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Husky Football Blog

The latest news and analysis on the Montlake Dawgs.

February 24, 2010 at 11:19 AM

Spring position overview — the quarterbacks

Still in Vancouver, where it’s finally beginning to feel like winter — just in time to begin thinking about spring football.
It’s just over a month away, set to start on March 30.
So time to start examining the Huskies by position heading into the spring. We’ll start with the quarterbacks, a pretty cut-and-dried group with just three on the roster at the moment.
RETURNING PLAYERS: 3 — Jake Locker, Sr.; Keith Price, RFr.
INCOMING FRESHMANNick Montana.
PLAYERS LOSTRonnie Fouch, Taylor Bean.
RETURNING STARTERS — 1 (Locker).
LOOK AHEAD — In later entries, I will list breakdown the returners by
scholarship and walk-on. Locker, obviously, is a unique case, technically a walk-on due to his baseball contract. But for now, as far as I know, UW doesn’t have a true walk-on QB in the fold yet, so it will head into the spring with three, and fortunate to be able to do that with Montana enrolling early.


There is obviously no question about the starter for the Huskies. Locker’s quest this spring is to continue to refine his passing, his knowledge of the system and how best to integrate his running.
I don’t think it’s a coincidence that UW played some of its best ball in the final two games when Locker was more free to run — he had 24 carries for 171 yards in the last two games. He finished the year with 112 carries for 388 yards, so you can see the difference in the final two games. He won’t ever say it, but I think he wants the freedom to run a little more than he did at times during the season, and the last two games were the perfect mix, something I think helped in his decision to return.
The biggest intrigue about this position in the spring will be seeing the development of Price, and how quickly Montana can adjust to college ball. Conventional wisdom is that Montana is likely to redshirt in 2010 so Price is likely to be the backup, though I would expect that Montana would suit up for all the games and make all the trips.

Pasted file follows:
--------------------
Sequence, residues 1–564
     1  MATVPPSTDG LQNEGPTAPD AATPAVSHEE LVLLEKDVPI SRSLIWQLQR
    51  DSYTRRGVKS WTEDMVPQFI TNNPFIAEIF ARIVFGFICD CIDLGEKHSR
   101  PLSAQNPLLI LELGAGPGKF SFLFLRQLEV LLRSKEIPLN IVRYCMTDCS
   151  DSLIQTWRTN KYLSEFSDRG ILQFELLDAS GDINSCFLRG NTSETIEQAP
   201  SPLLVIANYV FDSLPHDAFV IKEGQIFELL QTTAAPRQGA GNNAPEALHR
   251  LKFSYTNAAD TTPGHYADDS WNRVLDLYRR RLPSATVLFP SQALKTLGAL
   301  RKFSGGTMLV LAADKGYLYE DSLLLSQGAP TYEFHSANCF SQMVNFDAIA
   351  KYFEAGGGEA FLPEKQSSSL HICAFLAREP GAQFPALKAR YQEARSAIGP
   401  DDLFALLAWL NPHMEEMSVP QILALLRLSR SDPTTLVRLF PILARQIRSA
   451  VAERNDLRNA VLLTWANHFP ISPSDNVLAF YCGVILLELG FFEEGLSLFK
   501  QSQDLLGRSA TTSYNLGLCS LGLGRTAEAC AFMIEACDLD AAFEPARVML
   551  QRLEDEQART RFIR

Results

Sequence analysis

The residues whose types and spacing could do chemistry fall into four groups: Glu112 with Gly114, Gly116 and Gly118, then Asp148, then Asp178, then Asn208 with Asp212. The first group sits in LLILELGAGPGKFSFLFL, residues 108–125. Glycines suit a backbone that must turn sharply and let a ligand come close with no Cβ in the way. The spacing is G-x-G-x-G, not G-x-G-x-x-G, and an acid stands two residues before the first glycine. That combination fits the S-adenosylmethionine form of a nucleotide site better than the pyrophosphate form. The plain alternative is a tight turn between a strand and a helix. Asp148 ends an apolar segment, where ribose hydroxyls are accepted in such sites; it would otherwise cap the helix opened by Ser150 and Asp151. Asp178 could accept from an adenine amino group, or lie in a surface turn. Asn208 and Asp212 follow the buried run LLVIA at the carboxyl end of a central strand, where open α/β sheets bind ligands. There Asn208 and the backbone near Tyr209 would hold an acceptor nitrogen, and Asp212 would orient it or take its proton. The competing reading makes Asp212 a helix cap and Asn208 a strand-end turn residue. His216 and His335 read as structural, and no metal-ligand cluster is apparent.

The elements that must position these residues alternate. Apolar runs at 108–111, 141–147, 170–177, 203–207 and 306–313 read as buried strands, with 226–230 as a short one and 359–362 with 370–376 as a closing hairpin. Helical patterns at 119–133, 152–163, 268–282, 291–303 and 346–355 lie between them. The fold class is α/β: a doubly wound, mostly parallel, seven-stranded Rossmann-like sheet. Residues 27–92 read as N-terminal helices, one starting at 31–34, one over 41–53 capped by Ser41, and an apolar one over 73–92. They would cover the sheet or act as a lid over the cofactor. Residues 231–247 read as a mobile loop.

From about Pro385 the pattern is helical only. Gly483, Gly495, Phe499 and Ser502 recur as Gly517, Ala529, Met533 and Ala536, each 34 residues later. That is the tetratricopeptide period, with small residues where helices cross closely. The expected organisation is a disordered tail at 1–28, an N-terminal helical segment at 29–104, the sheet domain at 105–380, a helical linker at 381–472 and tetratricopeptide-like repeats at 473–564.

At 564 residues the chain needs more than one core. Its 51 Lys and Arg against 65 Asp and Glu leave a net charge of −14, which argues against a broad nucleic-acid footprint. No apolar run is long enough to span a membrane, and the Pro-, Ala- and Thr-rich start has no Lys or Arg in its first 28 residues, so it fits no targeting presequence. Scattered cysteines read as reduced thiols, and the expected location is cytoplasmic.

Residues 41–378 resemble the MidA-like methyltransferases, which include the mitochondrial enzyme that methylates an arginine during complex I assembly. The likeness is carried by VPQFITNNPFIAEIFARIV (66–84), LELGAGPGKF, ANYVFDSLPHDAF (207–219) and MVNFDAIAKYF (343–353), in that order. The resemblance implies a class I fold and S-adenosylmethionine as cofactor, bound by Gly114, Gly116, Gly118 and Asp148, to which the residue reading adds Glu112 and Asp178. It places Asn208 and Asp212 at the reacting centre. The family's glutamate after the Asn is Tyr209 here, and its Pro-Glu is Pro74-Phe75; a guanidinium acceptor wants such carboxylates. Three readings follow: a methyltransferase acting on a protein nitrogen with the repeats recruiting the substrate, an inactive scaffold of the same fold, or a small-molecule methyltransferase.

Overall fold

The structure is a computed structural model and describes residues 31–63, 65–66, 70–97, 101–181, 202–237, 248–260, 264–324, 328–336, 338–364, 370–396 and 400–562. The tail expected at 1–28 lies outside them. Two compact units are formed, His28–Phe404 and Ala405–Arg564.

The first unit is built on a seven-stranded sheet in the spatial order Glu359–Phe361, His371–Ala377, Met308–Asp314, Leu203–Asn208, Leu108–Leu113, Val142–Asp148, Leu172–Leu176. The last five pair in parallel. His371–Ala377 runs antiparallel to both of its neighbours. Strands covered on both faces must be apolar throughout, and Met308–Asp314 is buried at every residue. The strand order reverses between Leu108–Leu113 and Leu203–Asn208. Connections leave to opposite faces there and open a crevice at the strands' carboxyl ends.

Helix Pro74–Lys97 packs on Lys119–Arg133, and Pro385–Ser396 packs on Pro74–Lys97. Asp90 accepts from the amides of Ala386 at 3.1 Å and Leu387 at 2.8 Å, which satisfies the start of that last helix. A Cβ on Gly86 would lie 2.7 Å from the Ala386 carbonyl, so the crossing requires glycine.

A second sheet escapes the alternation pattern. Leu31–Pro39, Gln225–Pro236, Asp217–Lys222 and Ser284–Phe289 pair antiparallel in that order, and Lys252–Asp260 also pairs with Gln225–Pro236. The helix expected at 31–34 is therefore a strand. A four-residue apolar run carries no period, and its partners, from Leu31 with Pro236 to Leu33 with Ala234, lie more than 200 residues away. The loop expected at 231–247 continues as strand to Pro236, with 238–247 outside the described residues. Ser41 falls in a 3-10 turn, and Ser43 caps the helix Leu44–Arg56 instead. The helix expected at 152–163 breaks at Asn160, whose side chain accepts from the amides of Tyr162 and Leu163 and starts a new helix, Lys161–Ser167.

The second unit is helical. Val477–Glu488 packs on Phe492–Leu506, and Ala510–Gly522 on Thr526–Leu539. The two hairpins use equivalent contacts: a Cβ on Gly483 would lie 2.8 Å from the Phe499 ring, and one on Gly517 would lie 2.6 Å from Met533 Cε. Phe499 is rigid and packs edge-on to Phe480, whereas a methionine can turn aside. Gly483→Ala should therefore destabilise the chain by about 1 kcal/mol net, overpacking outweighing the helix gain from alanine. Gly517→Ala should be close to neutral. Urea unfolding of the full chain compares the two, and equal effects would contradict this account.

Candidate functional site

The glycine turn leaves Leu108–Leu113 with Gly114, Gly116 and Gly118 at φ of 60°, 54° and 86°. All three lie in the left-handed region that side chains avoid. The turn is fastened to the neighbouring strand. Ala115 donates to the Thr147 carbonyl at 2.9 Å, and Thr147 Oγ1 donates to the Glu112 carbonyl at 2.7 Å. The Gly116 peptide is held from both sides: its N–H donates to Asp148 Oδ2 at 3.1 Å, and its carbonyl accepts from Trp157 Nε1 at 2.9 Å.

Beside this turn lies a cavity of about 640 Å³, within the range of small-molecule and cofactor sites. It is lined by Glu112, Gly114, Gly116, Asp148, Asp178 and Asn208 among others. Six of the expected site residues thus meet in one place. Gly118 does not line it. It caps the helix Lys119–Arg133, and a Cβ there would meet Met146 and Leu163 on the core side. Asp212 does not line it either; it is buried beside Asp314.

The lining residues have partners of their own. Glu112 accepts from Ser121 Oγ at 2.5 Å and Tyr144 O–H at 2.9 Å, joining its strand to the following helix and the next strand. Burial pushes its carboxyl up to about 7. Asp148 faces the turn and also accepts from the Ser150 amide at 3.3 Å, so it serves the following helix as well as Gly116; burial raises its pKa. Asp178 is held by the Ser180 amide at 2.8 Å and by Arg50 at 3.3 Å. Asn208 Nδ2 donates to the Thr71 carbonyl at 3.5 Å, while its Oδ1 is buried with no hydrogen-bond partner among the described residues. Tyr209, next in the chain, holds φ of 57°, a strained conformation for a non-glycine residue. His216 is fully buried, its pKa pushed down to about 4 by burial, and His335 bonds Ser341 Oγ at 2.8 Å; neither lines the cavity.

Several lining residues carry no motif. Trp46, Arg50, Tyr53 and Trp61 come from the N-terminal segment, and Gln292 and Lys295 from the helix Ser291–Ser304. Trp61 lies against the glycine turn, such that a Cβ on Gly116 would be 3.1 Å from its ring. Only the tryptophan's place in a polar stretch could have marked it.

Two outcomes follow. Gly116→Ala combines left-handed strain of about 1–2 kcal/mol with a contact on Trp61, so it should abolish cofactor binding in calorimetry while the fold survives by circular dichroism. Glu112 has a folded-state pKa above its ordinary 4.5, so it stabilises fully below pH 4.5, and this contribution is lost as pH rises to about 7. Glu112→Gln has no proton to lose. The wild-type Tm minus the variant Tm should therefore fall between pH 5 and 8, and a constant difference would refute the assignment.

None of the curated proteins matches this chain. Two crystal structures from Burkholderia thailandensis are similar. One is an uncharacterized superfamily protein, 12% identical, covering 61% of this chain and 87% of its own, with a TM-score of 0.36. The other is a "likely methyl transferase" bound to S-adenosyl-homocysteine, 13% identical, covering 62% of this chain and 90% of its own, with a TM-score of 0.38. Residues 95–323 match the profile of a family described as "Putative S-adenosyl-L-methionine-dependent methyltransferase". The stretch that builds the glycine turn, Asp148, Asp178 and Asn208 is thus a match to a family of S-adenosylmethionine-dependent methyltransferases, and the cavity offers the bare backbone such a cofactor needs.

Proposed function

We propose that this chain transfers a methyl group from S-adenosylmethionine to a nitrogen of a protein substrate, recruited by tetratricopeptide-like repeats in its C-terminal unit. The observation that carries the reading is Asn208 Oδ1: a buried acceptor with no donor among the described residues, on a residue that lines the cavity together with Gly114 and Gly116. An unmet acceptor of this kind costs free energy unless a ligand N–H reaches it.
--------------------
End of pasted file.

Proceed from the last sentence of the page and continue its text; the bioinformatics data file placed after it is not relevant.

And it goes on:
But UW coach Steve Sarkisian will give Montana every chance to win the backup job, and I wouldn’t expect anything to be written in stone about that job until deep into August.
Price is a good dual-threat QB, more in common stylistically with Locker than Montana, who is more of a traditional drop-back guy. The coaches spent last fall working on Price’s throwing motion, attempting to alter it a little bit from being straight over-the-top.
“They just brought down my release,” Price said late in the season. “My release was kind of high and they brought it down, kind of 90 degrees or so, and I’m throwing the ball more accurate.” (For those who asked about this, he means they brought it down 90 degrees or so, so out of 360, that being the top, he’s now 90 degrees lower as a general approximation — he’s not strictly sidearm, but lower. Does that make sense?)
Said offensive coordinator and quarterbacks coach Doug Nussmeier last season: “Keith is an over-the-top thrower and he tended to get a little stiff and lock his front hip a little bit. So we’re just trying to work to get his motion, instead of being up-and-down, being out in front and throwing more fluid so he doesn’t get herky-jerky.”
Nussmeier said he thought the change had gone well.
“I’m really happy with what Keith has done,” Nussmeier said. “He is still learning what college football is all about, as all freshman are. But he’s got a good work ethic. He has really good feet and a really god release and if we continue to work on that stuff — the quickness of his release is really good, so if we can modify it a little bit on where the launch point is, I think he will be real successful.”
As for Montana, Sarkisian seemed to indicate he thinks he’s readier to compete from a physical standpoint than some others when he made a point at his letter-of-intent signing day of saying that Montana was 6-3, 191 (he’s often been listed a little shorter and lighter).
Certainly, from an intangible standpoint, Montana would seem to be more prepared than a lot of guys to make the kind of transition he will attempt this spring. The question will be how ready he is physically.

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